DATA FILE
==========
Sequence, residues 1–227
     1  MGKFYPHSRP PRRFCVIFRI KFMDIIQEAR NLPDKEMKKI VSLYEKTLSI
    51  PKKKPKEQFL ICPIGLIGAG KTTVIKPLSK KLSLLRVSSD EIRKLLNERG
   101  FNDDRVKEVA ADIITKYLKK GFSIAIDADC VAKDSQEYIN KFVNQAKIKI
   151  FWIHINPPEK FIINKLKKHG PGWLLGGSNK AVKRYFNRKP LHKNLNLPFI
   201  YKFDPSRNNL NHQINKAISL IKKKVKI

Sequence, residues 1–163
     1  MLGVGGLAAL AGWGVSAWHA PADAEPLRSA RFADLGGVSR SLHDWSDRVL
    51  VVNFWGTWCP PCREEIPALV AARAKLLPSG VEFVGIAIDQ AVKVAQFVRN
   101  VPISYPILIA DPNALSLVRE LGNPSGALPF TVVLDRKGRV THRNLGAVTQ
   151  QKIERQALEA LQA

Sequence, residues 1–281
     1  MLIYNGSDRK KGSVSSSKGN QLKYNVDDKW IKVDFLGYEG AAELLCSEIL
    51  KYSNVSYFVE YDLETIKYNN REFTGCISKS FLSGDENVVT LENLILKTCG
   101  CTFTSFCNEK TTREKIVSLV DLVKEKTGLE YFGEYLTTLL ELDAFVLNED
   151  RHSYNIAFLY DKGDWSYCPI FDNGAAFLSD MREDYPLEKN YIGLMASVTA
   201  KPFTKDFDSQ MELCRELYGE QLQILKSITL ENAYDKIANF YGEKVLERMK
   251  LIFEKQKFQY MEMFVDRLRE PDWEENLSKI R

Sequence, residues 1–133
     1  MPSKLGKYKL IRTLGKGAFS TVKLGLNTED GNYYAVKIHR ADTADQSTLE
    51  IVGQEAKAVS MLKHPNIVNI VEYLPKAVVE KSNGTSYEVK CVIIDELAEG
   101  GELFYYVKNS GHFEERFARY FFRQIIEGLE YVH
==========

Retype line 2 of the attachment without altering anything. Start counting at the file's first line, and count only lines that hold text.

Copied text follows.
     1  MGKFYPHSRP PRRFCVIFRI KFMDIIQEAR NLPDKEMKKI VSLYEKTLSI